I really went all over the map with that! I guess that shows how much we are in need of the “single heart and single way” that God offers us. I am at least as much in danger of wrong choices as anyone else, and I’ve made more than a few in my life. I need to indeed seek first God’s kingdom and His righteousness, (Matthew 6:33) not just so that physical needs will be met but especially so that I won’t wander away from my Lord, distracted by all sorts of things. I have received grace upon grace, but I must never take any of it for granted, rather living my life in grateful obedience. That is the heart and the way that He has prepared for me.

Father, thank You for this reminder. Thank You for all that yesterday held, and all that You have prepared for today. Help me seek and follow Your way step by step, with one heart, to do Your will on Your schedule for Your glory. Thank You. Praise God!

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God’s Grace; February 21, 2018


Jeremiah 31:14 “I will satisfy the priests with abundance,
and my people will be filled with my bounty,”
declares the Lord.

Sometimes the more literal Japanese translation is interesting. In this case, it says, “I will satisfy the souls of the priests with marrow, and my people will be filled with my grace.” We don’t currently have the association of cracking bones open to eat the marrow with luxury, but many cultures have considered it that way. The Japanese word for grace also carries the general meaning of blessing, so it’s not so surprising when reading this in Japanese, but when put back over into English it is somewhat striking. The message of salvation by grace through faith (Ephesians 2:8-9) is actually found throughout the Bible, but isn’t so explicit until the New Testament. Again, the Japanese phrase is literally, “be filled and have enough.” That is one of the amazing things about God’s grace: there’s always enough. I have long loved the hymn, Grace Greater than our Sin. Because I couldn’t find a Japanese translation I did my own, and we sing it fairly frequently in this church. God’s grace isn’t about giving permission for sin, but rather providing redemption when we confess and repent of our sin. “Hyper grace” does violence to God’s holiness, but if we repent of our sin, God’s grace is always enough.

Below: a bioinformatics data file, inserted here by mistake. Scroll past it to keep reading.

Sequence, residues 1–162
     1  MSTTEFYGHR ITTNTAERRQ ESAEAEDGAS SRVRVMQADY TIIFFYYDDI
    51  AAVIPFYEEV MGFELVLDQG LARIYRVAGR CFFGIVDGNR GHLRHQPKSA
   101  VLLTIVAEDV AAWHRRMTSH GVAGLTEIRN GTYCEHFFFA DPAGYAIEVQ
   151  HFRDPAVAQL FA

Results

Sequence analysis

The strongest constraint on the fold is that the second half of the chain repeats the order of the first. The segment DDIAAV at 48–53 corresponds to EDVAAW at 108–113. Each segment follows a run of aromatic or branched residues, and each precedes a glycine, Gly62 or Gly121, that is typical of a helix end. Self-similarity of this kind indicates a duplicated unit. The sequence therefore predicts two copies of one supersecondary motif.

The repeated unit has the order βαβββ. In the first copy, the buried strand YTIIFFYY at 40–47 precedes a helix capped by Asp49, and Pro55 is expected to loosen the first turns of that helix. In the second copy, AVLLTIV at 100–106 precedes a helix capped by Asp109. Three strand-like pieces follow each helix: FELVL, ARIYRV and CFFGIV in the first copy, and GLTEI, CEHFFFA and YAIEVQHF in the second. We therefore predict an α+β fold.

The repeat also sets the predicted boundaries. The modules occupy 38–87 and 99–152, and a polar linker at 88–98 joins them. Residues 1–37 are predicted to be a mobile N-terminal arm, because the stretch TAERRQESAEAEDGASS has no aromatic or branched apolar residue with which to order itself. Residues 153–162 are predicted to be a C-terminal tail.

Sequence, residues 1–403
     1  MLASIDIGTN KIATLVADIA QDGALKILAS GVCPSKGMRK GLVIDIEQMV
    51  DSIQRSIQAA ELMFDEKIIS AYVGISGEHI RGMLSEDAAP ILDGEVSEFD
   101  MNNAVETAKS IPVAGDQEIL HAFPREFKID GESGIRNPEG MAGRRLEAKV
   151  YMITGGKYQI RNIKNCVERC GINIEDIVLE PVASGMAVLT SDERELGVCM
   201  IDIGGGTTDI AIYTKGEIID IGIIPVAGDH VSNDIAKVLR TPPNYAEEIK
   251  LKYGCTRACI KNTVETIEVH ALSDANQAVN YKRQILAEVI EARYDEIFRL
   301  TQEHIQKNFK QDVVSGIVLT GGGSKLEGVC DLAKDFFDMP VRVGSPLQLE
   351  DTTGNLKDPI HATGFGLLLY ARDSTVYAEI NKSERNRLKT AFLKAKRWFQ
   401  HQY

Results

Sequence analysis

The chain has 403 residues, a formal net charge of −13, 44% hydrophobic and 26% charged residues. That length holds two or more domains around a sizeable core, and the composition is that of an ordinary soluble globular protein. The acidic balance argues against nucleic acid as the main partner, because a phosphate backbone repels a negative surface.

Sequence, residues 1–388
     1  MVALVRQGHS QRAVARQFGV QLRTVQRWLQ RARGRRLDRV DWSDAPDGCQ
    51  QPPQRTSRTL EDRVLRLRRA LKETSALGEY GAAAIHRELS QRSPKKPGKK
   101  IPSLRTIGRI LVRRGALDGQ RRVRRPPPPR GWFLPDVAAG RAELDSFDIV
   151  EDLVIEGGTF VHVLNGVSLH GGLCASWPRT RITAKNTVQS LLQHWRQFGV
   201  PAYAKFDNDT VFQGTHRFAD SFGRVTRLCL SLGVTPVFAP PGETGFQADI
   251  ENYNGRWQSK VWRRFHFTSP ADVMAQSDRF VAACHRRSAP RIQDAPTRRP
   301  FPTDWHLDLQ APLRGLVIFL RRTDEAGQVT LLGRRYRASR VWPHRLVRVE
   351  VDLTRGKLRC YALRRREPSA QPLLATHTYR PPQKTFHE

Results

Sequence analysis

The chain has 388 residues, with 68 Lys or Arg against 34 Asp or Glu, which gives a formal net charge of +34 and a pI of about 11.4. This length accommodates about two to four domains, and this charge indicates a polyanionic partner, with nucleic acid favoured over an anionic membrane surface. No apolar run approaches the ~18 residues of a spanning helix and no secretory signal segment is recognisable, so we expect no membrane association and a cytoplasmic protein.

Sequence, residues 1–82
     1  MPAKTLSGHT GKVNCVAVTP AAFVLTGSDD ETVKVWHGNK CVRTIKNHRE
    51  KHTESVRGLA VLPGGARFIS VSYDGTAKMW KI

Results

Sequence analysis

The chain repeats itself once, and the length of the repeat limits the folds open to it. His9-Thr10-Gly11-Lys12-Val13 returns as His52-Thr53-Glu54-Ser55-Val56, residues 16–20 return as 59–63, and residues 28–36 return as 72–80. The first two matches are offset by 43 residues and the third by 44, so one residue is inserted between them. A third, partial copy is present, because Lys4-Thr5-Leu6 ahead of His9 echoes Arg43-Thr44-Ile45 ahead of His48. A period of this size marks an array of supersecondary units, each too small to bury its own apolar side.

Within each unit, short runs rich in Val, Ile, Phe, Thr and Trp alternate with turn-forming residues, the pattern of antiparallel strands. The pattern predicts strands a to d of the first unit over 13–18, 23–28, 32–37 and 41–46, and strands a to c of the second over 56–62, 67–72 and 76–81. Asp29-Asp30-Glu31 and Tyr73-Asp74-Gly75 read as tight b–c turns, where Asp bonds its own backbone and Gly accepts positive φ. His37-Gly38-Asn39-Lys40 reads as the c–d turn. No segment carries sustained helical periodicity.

I am certainly as much in need of God’s grace as anyone, and I rejoice to proclaim that grace to others. My life, though not that of a millionaire, would certainly be considered luxurious by much of the world’s population today. I have no complaints about God! Like Paul, “I have learned the secret of being content in any and every situation, whether well fed or hungry, whether living in plenty or in want. I can do everything through him who gives me strength.” (Philippians 4:12-13) I haven’t had much experience in being hungry because food wasn’t available, and I have long said that given the quality of Cathy’s cooking, it’s a miracle I’m not the size of a sumo wrestler! I have found that God’s unmerited blessings are indeed amazing and always enough, and I’m deeply grateful.

Father, thank You for your grace. Words fail me to express either its magnificence or my gratitude. It’s pretty unusual for me to be at a loss for words! Help me respond to Your grace more and more fully, being the obedient son that You desire, for Your glory. Thank You. Praise God!

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Drawing Close to God; February 20, 2018


Jeremiah 30:21 “‘Who is he who will devote himself
to be close to me?’
declares the Lord.”

This verse is talking about leaders, but to me this line is a challenge to every believer. Where the NIV says “devote himself,” the Japanese says, “bet his life.” That is the sort of attitude that says, “I’m going to draw close to God even if it kills me.” Another way to say it would be, “You can kill me if you like, but I’m going to draw close to God.” God honors that sort of attitude! Too much of the time we act as though God were incidental to our lives, rather than being the foundation and the reason for our existence. I forget who it was who said, “The world has not yet seen what God can do with someone who is totally devoted to Him.” If we are honest, we have to admit that our devotion tends to be on-again-off-again. That’s part of the human condition, but we need the foundational commitment to Jesus as Lord or the rest of life becomes largely meaningless.